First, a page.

Furthermore, high-temperature diffusions are carried out after corresponding implantations, and vice versa. These high-temperature processes can be carried out because no metallization is arranged on the rear face of the semiconductor wafer, with a supporting coating composed of a conductive, high-temperature-resistant, ternary silicon carbide and/or ternary silicon nitride and/or carbon being arranged on it instead. Once the circuit structures have been completed, wiring structures and isolation structures are applied at the semiconductor chip positions on the upper face of the semiconductor wafer. These can be produced using a conventional technique from different metal and silicon layers. For completion, a passivation layer is also applied to the wiring structures and/or the isolation structures, leaving metallic contact pads free. These metallic contact pads are created automatically when metallization is carried out as the last conductive wiring structure.

In a further embodiment, once the conductive, self-supporting substrate layer has been deposited, a sealing covering layer is arranged on the substrate layer on the rear face of the semiconductor wafer. This has the advantage that the high-purity, monocrystalline silicon of the thinned semiconductor wafer is protected against contamination of the substrate layer to which the semiconductor wafer is fitted. This protective and sealing covering layer may itself be produced from a conductive high-temperature-resistant material, or from an isolating layer, which is removed again once the high-temperature processes have been carried out. A conductive self-supporting substrate layer is preferably deposited on the rear face of the semiconductor wafer by means of pyrolysis.

A second method example relating to the production of a semiconductor wafer has the following method steps. First of all, as in the first method example, a semiconductor wafer is produced having a plurality of semiconductor chip positions arranged in rows and columns, with the rear face of the semiconductor wafer having suitable dopant concentrations in areas close to the rear face for corresponding flat resistive junctions. Then, however, this semiconductor wafer is not ground thin and is also not provided with a substrate layer, but is further processed as a self-supporting semiconductor wafer. For this purpose, circuit structures are introduced in areas close to the surface at semiconductor chip positions, as already described above. Finally, a conductive, high-temperature-resistant wiring layer is deposited on the upper face of the semiconductor wafer, with the wiring layer comprising a ternary carbide and/or a ternary nitride and/or carbon. The conductive, high-temperature-resistant wiring layer is then structured to form a wiring structure. A passivation layer is then deposited on the wiring structure, leaving free contact pads which comprise a ternary carbide and/or a ternary nitride and/or a carbon.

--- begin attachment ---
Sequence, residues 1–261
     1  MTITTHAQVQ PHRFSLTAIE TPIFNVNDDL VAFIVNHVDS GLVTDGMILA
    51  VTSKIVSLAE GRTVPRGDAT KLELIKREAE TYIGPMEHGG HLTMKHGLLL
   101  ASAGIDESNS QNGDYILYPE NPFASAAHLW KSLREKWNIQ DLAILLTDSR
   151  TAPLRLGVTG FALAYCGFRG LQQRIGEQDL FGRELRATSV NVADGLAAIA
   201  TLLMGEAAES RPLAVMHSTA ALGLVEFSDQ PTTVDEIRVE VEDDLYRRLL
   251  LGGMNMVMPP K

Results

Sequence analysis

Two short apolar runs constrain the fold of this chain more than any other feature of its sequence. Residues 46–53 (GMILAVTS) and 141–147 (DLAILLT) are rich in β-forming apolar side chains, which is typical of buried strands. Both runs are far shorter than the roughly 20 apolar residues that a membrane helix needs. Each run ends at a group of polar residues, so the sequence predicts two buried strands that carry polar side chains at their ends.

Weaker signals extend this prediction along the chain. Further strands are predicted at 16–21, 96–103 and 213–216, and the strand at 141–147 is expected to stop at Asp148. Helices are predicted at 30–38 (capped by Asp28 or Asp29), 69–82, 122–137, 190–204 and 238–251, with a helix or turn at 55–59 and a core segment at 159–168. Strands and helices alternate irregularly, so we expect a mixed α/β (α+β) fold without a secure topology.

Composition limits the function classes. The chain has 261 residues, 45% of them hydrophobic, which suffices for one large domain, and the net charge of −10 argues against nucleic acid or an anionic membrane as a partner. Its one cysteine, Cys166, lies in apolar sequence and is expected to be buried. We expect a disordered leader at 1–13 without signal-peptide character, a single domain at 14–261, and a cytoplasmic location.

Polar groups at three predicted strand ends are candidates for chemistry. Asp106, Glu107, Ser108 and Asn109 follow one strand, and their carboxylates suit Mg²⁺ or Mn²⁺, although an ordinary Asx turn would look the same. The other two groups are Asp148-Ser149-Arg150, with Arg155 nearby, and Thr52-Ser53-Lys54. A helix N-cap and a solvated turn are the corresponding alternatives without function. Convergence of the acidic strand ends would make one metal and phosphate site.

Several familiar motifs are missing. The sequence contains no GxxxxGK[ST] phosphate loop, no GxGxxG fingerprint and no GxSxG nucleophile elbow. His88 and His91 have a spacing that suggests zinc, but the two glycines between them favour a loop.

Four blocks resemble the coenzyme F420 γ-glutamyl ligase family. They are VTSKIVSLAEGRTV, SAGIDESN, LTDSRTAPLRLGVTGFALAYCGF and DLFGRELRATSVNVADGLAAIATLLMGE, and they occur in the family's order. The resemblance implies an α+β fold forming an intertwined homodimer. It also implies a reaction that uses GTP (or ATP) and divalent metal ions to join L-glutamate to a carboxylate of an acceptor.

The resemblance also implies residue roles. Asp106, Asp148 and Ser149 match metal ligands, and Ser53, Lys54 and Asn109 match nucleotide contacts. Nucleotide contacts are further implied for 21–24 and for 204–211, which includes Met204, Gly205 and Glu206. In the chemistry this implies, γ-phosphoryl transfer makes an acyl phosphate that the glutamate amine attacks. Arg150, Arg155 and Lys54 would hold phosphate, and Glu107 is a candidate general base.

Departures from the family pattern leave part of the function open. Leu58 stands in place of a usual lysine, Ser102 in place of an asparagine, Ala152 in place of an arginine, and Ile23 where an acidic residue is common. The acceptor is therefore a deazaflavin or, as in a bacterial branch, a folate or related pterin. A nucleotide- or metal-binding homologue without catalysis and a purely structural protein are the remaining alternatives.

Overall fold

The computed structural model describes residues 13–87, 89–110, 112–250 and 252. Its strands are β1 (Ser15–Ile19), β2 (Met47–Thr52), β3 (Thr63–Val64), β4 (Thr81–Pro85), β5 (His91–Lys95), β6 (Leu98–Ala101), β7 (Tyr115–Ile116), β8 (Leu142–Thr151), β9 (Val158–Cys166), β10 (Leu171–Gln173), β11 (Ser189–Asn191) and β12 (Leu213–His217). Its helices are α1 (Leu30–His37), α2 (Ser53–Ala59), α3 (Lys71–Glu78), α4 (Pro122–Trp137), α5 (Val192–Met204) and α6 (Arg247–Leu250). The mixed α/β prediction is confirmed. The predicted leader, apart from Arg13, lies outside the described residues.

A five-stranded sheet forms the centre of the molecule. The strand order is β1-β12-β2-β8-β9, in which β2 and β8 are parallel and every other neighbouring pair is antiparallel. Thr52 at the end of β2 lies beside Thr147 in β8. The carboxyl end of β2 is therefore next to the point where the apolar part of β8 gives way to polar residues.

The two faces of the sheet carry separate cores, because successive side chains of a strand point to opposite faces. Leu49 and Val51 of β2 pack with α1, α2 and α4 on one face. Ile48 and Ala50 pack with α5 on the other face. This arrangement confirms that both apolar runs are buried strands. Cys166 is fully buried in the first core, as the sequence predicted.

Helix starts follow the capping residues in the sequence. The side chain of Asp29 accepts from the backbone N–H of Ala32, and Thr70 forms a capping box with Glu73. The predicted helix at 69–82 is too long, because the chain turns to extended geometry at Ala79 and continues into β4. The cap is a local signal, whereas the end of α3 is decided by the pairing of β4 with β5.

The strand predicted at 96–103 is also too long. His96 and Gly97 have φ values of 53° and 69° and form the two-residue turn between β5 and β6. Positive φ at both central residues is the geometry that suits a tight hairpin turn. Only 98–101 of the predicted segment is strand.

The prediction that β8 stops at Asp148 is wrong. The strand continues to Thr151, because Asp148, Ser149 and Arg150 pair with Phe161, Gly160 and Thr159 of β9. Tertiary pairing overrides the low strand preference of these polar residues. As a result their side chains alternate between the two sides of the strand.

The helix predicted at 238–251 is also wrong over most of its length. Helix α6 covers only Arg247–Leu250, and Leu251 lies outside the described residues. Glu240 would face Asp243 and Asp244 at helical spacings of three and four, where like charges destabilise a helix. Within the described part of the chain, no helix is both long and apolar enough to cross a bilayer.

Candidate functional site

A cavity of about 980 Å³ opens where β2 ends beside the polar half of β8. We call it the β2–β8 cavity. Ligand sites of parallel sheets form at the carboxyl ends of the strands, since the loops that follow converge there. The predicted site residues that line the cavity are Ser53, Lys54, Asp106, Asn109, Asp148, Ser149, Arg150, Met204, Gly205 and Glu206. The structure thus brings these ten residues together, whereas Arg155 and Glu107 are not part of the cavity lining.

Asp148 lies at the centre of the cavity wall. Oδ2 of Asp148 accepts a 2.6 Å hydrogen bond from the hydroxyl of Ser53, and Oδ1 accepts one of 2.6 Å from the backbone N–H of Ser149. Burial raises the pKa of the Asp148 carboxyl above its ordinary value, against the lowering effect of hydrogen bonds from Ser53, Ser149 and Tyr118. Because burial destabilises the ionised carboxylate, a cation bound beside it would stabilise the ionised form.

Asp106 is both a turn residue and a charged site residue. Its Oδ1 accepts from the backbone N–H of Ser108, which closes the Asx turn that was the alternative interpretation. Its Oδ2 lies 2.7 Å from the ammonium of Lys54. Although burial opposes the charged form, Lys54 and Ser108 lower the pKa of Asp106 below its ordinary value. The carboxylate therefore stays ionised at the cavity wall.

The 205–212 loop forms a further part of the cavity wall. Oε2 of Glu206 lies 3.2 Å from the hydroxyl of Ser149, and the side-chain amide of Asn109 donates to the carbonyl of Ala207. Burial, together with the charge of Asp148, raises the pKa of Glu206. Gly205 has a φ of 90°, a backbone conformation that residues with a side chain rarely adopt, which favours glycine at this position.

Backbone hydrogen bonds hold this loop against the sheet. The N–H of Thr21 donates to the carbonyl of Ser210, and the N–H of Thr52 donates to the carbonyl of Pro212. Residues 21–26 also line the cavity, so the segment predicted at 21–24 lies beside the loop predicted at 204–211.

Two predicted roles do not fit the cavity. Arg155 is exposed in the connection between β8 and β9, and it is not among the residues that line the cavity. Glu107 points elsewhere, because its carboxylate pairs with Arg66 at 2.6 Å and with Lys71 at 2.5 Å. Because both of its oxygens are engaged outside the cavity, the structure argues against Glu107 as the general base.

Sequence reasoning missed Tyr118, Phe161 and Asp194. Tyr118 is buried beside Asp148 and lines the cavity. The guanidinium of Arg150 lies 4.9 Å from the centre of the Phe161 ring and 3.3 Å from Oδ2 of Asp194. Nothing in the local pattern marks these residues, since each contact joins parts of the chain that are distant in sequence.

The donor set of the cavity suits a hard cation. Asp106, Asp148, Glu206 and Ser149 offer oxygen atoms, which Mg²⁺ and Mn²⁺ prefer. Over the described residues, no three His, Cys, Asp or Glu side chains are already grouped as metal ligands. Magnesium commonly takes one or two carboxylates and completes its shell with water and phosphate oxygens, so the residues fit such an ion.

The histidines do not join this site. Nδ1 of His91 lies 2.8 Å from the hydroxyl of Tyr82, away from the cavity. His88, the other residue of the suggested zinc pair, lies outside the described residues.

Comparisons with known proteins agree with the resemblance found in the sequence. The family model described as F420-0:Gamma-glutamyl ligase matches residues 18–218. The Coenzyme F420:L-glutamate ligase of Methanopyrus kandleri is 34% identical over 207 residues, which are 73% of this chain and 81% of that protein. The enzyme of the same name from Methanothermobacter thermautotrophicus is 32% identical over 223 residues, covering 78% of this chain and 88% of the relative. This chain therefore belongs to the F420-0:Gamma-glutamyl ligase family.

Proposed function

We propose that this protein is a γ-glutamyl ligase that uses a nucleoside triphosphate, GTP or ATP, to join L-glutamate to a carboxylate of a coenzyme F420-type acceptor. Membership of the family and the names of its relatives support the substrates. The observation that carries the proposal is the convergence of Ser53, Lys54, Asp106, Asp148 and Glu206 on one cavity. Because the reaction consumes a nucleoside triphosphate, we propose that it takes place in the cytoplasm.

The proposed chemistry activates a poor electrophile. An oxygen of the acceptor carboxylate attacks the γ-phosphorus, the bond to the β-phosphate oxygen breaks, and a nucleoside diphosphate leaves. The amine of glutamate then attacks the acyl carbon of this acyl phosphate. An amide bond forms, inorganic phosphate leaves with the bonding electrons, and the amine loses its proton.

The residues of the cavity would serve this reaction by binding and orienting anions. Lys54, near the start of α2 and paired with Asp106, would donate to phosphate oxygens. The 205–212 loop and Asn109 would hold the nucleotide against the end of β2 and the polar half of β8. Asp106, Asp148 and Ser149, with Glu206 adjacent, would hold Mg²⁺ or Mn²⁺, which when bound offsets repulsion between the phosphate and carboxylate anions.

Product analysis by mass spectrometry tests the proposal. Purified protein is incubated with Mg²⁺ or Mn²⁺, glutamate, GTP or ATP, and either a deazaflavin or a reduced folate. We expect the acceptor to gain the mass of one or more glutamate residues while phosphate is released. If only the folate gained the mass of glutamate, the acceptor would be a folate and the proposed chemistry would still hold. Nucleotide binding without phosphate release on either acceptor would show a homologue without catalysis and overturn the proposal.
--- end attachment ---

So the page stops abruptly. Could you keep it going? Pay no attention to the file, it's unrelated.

If required, these contact pads are then finally also metallized, in order to allow the contact pads to be connected to corresponding contact connecting pads on substrate mounts. In this method example, only the wiring structure is used for a semiconductor wafer. One advantage of this method results just from the deposition of this wiring structure, in that a semiconductor wafer is produced having semiconductor chip positions and high-temperature-resistant wiring structures at the semiconductor chip positions. These high-temperature-resistant wiring structures allow the semiconductor chips which are manufactured from the semiconductor wafer to be thermally loaded up to the temperature load limit of the respective semiconductor material.

During the deposition of the conductive, high-temperature-resistant wiring layer for the wiring structure, a ternary carbide and/or a ternary nitride and/or carbon are/is deposited on the upper face of the semiconductor wafer, preferably by means of pyrolysis. This has the advantage, as already mentioned above, that a highly conductive and high-temperature-resistant layer is created which, for example, is structured by dry etching in an oxygen plasma. Other deposition methods are preferably also used, in particular vapor deposition, sputtering and/or chemical deposition from the gas phase (CVD). If the thickness dv of this highly conductive, high-temperature-resistant wiring layer is deposited in an order of magnitude 50 μm≦dv≦150 μm, then this layer can also be used as a structured substrate layer, allowing non-destructive thinning of the rear face, and a non-destructive further processing.

A third method example relating to the production of a semiconductor wafer once again initially starts with the production of a semiconductor wafer having a large number of semiconductor chip positions arranged in rows and columns, with the circuit structures first of all being introduced into areas close to the surface at the semiconductor chip positions. This contrasts with the first method, in which this step is in fact not carried out until the semiconductor wafer has been ground thin. The semiconductor wafer is then adhesively bonded by its upper face to an intermediate mount, and is thinned from the rear face. After this, the thinned rear face of the semiconductor wafer is prepared for a resistive junction to the subsequent rear-face coating and for production of emitters and/or field-stop zones in the area of the rear face of the semiconductor wafer. After this preparation, a conductive self-supporting substrate layer can now be deposited on the rear face of the semiconductor wafer, which comprises a ternary carbide and/or a ternary nitride and/or carbon.